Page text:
“I saw so many paths to success and so it was really comforting to know that whatever path I take, as long as I’m doing the things I’m interested in and working really hard, that I think I’ll be able to find success in the future,” a 2019 participant Nicole Meister ’22 said.
The recitation of the names of victims of the Holocaust began at 9 p.m. on Wednesday, May 1, in the Murray-Dodge Courtyard and continued for 24 hours. In 30-minute shifts, student volunteers recited the name, age, place of residence, and place of death of each of the approximately 6 million Jews who were killed.
On Thursday night, three former Jeopardy! contestants spoke about their time on the show and competed in two games of Princeton-themed Jeopardy! against a few graduating seniors. Five-time winner Gil Collins *99, who serves as Director of Global Health Programs, won the first game, but all three former contestants fell short in the second, defeated by Emma Corless ’19.
On Thursday evening, over 100 students and community members came together in Frick Auditorium for a celebration of gratitude as students recognized “Hidden Chaplains” on campus, members of the community “who change their day in small but meaningful ways.”
An analysis of room draw by Adam Chang ’20 and Yang Song ’20 indicates that the randomization error effected rising juniors in addition to current juniors, larger draw groups received on average better draw times, and that draw ordering is the same across 2018 and 2019 for the same draw groups.
The University Housing documents listing draw times, which include student PUID number and class year, are not protected by the University’s Central Authentication System (CAS) and can be accessed by anyone who has the links to the documents. The students whose information can be accessed in this way includes those who have opted to be removed from the University’s public directory.
Dudamel is Princeton University Concerts’ first-ever Artist-in-Residence. Marna Seltzer, Director of Princeton University Concerts, helped bring him to the University in celebration of the 125th season of Princeton’s concert series.
Amid the students, campus tour groups, and community members strolling about the Firestone Library Plaza on Tuesday afternoon, a student wearing only his underwear lay sprawled out on the concrete. A black bag covered his face and the words “Title IX Protects Rapists” were emblazoned on his torso with black ink.
In an email to members, Tower Club president Aliya Somani ’20 said that the club will be implementing new safety measures, including adding code locks on other commonly used doors and additional officer protocols to secure the club after dark. In another email, she said that staff will check that the kitchen exit and other exits are locked as they leave the club.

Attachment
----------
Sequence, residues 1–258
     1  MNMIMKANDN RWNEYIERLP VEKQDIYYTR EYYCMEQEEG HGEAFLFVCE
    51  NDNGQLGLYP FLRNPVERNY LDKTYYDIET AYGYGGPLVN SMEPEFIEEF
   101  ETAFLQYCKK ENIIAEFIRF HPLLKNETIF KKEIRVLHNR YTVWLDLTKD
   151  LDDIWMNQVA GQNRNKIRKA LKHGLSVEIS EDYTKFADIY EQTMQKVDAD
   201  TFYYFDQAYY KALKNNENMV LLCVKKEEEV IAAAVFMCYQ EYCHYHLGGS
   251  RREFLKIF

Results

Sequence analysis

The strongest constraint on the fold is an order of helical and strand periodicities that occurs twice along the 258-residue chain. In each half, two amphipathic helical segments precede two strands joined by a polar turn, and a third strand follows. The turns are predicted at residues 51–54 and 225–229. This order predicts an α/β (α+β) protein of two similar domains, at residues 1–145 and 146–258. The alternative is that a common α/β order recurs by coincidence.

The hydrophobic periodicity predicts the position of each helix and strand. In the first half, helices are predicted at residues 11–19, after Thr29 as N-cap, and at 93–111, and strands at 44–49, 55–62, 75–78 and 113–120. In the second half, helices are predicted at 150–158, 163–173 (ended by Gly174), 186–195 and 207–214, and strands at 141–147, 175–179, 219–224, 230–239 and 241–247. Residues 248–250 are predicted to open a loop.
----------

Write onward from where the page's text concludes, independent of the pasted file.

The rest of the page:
On April 12 and 13, over 200 people joined the Students for Prison Education and Reform (SPEAR) for their sixth annual conference, entitled “Tracing the Violence.” According to the program, the conference was centered around understanding the origins of violence and recognizing “that policies and prisons are themselves sources of violence.”
AJ Sibley ’19 proposed a referendum calling for the University administration to begin an annual awareness initiative on health threats of computer screens and to install campus computers with blue light protection software. The referendum will be voted on this week.
Sustainability will be on the ballot in the University Student Government (USG) Spring Elections next week. The Princeton Student Climate Initiative (PSCI) has placed a referendum on the USG ballot calling for the University to reduce carbon emissions. The University has already set a goal for carbon neutrality by 2046, but the PSCI sees the current goal as unclear and incomprehensive.
The Undergraduate Student Government (USG) announced on April 12 that A Boogie wit da Hoodie will be headlining Lawnparties this spring. A Boogie is best known for his hit single titled “Drowning” and his latest album entitled “Hoodie SZN,” which retained the top spot on Billboard’s Top 200 for three weeks.
On Tuesday, April 9, the first day of Princeton Preview 2019, graffiti was found in Prospect Gardens. Three statements — “Title IX protects rapists” in two places and “Fuck Title IX” in one — were written in dark red ink on the ground of the Class of 1975 Walk. As of Wednesday night, the University was aware of the incident and working to remove the marks.
Diana Chao ’21 founded a global nonprofit called Letters to Strangers when she was just a sophomore in high school. Now there are over 20 chapters of the organization in over 10 countries, with one chapter here at the University.